Last week our animal care staff caught up all nine Mexican wolf pups, who were born to F1422 (Vida) and M1360 (Kochi) this spring, for their second health check.
Mexican wolf parents M1360 (Kochi) and F1422 (Vida) had a litter of nine pups at Wolf Haven on April 30. Although Wolf Haven does not breed the rescued wolves who call our sanctuary home – we wouldn’t want to contribute to the tragedy of wild animals living in captivity – we occasionally have litters of species who have been designated as critically endangered: red wolves (Canis rufus) and Mexican wolves (Canis lupus baileyi).
Association of Zoos and Aquarium (AZA) Species Survival Plan (SSP) programs are cooperative animal programs designed to oversee the population management of select species in captivity in order to enhance their conservation in the wild.
Mexican wolves were declared endangered in 1976. Since 1994, Wolf Haven has actively participated in their recovery, both as a captive breeding facility and one of only three pre-release sites in the US. Toward that end, there have been 10 litters of Mexican wolves born at Wolf Haven, the first one arriving in 1996. Three families from Wolf Haven have been released into the wild, with the Hawk’s Nest family group being among the first three packs of Mexican gray wolves released into the federally designated reintroduction area in Arizona’s Apache National Forest.
From our first “official” photo of Vida and Kochi’s litter, all in a furry pile in their den, to their first required health care check six weeks later, these five males and four females have certainly grown. They will receive their second round of inoculations, deworming and also get microchips later this month. In the meantime, the nine pups all appeared healthy and robust, as you can see at their first checkup.
Wolf Haven Bat Box Occupied by Maternity Colony
In 2012, a dozen bat boxes were erected at Wolf Haven International to enhance habitat for our 10 species of native bats. Since their installation, bats have readily taken up residence.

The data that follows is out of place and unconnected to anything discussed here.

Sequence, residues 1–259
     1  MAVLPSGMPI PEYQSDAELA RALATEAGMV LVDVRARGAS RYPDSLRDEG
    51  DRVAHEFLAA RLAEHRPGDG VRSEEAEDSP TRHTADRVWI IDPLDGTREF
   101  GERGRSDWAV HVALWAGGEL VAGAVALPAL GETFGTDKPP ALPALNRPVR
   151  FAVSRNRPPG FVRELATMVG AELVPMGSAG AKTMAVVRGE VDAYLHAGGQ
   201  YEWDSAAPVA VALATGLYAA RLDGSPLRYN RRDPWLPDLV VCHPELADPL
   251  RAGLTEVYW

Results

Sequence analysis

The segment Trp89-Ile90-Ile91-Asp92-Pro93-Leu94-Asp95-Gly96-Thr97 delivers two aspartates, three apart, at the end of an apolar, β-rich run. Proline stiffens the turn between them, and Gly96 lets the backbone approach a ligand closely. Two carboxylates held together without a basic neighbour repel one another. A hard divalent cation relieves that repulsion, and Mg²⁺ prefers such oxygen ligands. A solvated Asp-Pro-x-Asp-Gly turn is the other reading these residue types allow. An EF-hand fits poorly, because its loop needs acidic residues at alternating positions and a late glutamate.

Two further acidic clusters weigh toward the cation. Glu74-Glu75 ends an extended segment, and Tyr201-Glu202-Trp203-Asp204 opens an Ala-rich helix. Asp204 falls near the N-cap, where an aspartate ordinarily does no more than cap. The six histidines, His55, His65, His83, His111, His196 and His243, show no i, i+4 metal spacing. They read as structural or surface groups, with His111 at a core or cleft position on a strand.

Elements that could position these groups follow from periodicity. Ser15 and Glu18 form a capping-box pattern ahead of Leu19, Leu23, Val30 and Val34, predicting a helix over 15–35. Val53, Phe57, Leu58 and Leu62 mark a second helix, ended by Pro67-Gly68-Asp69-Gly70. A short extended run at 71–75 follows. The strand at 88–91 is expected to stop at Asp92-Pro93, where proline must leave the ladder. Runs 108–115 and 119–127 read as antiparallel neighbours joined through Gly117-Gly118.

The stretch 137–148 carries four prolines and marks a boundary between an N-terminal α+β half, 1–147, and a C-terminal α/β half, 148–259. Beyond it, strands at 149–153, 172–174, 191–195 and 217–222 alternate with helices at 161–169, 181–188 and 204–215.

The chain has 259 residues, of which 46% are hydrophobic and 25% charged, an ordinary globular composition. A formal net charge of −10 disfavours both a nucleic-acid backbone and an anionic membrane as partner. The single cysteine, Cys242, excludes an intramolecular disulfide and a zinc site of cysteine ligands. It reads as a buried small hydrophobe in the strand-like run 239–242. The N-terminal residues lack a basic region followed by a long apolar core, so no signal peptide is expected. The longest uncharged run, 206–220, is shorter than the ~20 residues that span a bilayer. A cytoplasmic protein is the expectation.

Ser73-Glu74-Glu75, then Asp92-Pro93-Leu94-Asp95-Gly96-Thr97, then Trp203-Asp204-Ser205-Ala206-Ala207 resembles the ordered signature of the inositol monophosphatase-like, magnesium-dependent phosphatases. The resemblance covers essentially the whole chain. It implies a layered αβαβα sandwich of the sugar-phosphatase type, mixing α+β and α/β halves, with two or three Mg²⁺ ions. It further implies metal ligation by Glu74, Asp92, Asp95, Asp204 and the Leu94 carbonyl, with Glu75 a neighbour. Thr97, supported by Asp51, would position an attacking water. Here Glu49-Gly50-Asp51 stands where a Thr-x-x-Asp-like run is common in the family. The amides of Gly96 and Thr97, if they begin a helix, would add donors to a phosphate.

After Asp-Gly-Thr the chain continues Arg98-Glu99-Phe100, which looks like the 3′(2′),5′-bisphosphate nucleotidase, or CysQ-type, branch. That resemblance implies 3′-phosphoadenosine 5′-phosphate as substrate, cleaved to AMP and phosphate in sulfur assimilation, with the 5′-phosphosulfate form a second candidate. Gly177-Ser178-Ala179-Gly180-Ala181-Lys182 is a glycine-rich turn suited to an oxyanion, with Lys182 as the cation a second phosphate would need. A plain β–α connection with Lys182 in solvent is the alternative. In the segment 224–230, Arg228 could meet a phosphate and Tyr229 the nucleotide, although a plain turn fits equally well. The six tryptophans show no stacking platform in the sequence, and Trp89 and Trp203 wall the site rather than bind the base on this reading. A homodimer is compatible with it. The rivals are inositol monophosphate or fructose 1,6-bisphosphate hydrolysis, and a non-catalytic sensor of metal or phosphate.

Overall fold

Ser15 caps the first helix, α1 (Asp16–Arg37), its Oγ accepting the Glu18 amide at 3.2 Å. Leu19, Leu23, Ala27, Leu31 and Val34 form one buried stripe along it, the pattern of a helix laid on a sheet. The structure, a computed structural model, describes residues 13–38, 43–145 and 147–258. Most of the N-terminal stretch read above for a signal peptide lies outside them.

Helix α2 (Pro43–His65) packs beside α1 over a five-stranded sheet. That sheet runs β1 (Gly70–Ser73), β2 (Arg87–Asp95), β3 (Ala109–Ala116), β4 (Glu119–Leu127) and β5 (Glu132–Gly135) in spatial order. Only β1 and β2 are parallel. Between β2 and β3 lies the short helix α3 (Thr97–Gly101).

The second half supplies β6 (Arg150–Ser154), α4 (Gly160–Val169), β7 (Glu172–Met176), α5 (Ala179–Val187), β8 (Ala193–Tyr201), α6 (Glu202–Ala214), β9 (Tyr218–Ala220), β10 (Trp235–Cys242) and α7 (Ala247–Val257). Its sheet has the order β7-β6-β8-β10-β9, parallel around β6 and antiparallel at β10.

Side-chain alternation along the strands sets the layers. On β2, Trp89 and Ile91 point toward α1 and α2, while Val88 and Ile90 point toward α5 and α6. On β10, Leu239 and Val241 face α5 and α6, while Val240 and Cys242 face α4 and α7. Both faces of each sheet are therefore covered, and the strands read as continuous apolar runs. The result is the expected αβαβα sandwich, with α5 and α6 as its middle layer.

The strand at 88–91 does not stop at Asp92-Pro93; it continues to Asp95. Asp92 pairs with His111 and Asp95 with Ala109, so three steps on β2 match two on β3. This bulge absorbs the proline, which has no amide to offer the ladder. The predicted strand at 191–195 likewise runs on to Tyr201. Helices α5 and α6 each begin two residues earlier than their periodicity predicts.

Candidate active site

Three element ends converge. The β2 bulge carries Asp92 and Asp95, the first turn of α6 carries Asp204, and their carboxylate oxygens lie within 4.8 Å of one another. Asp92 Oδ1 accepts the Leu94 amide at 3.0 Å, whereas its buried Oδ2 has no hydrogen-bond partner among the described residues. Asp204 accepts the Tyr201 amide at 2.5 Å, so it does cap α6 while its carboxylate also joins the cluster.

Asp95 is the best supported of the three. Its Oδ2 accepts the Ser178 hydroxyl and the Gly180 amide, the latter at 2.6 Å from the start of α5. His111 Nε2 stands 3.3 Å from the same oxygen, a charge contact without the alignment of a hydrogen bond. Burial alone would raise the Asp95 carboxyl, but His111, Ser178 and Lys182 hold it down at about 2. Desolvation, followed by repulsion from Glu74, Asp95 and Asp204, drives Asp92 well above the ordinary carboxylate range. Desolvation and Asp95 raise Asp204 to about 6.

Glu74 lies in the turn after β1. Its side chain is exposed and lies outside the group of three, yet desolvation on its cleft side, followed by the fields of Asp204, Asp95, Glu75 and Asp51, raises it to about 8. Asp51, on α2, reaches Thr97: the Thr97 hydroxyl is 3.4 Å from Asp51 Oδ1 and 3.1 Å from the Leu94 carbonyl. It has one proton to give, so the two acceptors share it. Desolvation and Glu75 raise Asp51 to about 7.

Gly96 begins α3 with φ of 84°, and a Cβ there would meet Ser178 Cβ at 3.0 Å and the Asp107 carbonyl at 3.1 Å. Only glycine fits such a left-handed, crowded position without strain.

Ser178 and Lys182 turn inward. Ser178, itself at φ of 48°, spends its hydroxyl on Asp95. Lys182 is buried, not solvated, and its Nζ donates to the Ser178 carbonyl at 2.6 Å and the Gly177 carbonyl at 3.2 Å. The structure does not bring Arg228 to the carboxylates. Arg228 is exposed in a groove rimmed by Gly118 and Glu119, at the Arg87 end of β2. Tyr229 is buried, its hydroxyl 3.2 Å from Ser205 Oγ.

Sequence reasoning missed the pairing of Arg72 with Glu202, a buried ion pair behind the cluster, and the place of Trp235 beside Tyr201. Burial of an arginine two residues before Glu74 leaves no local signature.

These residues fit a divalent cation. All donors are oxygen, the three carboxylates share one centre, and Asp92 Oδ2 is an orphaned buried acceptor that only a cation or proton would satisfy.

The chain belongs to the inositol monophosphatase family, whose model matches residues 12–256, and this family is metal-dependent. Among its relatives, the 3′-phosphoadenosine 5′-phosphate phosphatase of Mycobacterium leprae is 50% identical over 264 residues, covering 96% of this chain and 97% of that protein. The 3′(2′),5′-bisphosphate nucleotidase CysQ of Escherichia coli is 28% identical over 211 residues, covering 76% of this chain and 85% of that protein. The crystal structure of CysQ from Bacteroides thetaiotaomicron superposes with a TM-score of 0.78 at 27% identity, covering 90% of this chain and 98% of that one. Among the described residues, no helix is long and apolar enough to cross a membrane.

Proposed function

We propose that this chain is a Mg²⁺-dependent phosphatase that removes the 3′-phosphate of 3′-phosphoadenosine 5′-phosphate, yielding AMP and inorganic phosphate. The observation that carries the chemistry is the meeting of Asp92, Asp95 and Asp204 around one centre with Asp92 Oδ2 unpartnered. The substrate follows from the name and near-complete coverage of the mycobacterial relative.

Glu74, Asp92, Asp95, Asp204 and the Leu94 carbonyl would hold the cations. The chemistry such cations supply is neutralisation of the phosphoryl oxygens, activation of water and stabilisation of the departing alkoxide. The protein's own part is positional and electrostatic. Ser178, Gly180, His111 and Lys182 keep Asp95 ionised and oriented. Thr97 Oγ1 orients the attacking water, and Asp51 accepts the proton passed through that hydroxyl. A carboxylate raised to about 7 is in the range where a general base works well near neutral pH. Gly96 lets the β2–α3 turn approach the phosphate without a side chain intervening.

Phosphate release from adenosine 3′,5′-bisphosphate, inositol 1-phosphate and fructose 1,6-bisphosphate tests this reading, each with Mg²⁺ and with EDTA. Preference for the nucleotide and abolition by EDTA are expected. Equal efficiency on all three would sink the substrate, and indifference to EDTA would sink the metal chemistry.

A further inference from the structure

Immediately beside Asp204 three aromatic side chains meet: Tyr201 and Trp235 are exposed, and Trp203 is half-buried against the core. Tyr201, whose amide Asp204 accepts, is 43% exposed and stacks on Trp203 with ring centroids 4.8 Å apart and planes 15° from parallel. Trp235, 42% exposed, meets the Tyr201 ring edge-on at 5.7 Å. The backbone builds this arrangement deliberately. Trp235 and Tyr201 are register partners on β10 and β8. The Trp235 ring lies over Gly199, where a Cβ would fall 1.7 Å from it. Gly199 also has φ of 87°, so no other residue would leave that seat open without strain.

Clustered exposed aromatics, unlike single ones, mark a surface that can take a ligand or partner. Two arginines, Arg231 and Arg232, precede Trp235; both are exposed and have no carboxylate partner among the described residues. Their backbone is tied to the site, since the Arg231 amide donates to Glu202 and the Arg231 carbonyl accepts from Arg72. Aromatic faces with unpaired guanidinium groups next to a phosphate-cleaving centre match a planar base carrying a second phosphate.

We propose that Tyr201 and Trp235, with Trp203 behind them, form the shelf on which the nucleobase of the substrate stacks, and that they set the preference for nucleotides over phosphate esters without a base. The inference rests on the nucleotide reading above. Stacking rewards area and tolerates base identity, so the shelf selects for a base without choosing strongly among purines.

Nearly exterminated in the wild during by the 1930s, the Mexican wolf remains one of the most endangered mammals in North America. In May, Wolf Haven’s Director of Animal Care Wendy Spencer assisted in the care & observation of two wolves scheduled for future release. This is Part 5 of an ongoing series of blog posts about her experience in Arizona.
The following morning I headed out in the dark and made my way to the blind. Twenty minutes would pass before I saw any movement from the wolves so perhaps they had decided to sleep in that morning. If they detected my presence, they gave no indication, as they did not even glance in my direction the entire time I was there- a marked difference from the day before. They went about their morning routine of stretching, marking, eating off a carcass and chasing ravens- pretty uneventful but amazing nonetheless. One of things I was asked to do was to try and determine whether or not the female had pups. There was some indication that the female had whelped approximately 10 days earlier but after reading the log book entries detailing her behavior and then seeing her through the scope, she did not look or behave as if she was nursing pups. She was out the remainder of the time that I was at the blind and rather than having a “bagged up” appearance that would be consistent with nursing, her abdomen appeared tucked up.
As I watched F1126, all of a sudden in the distance, a low, melodious howl broke my focus and I listened as it drifted through the basin. I could see the pair so I knew it was not coming from them and it was decidedly wolf, so it must have been M1107. The pair did not respond but rather just stood on high alert, ears pricked forward in the direction of the howls. The serenade continued and after a few seconds, I thought I heard a second voice join the chorus but there had been no reports of other wolves in the area, so I assumed it was just an echo. Listening to the howls, I was moved beyond words- It was so beautiful and pure. After working with these animals in captivity for 15 years, to finally see and hear them on the landscape filled my heart and soul with overwhelming emotion. The howling continued off and on for the next 40 minutes and then there was silence.
When my 2 hours were up, I returned to camp and delivered the disappointing news about pups. The sun was now up and everything was awash in the color of the early morning sun. The customary spring winds had not yet kicked up so it was very silent (save for the birds). I knew elk were in the area because I had come to learn that their hooves make a very distinct sound when they hit the downed, dried aspen trees that clutter the forest floor.
Because the sun was in my eyes, it was hard to make out the orange and pink surveyors tape that marked the trail that led to and from the blind so I ended up veering slightly off the path. As I looked around for the footpath, a muffled, rustling sound caught my attention. I looked down and suddenly realized that I was about 2 feet away from a den entrance- badger most likely given the size – and not wanting to disturb the family further, I quickly hurried away. Further down the path I came across another den site, this one larger so most likely coyote. This was a fertile hillside…….. (to be continued)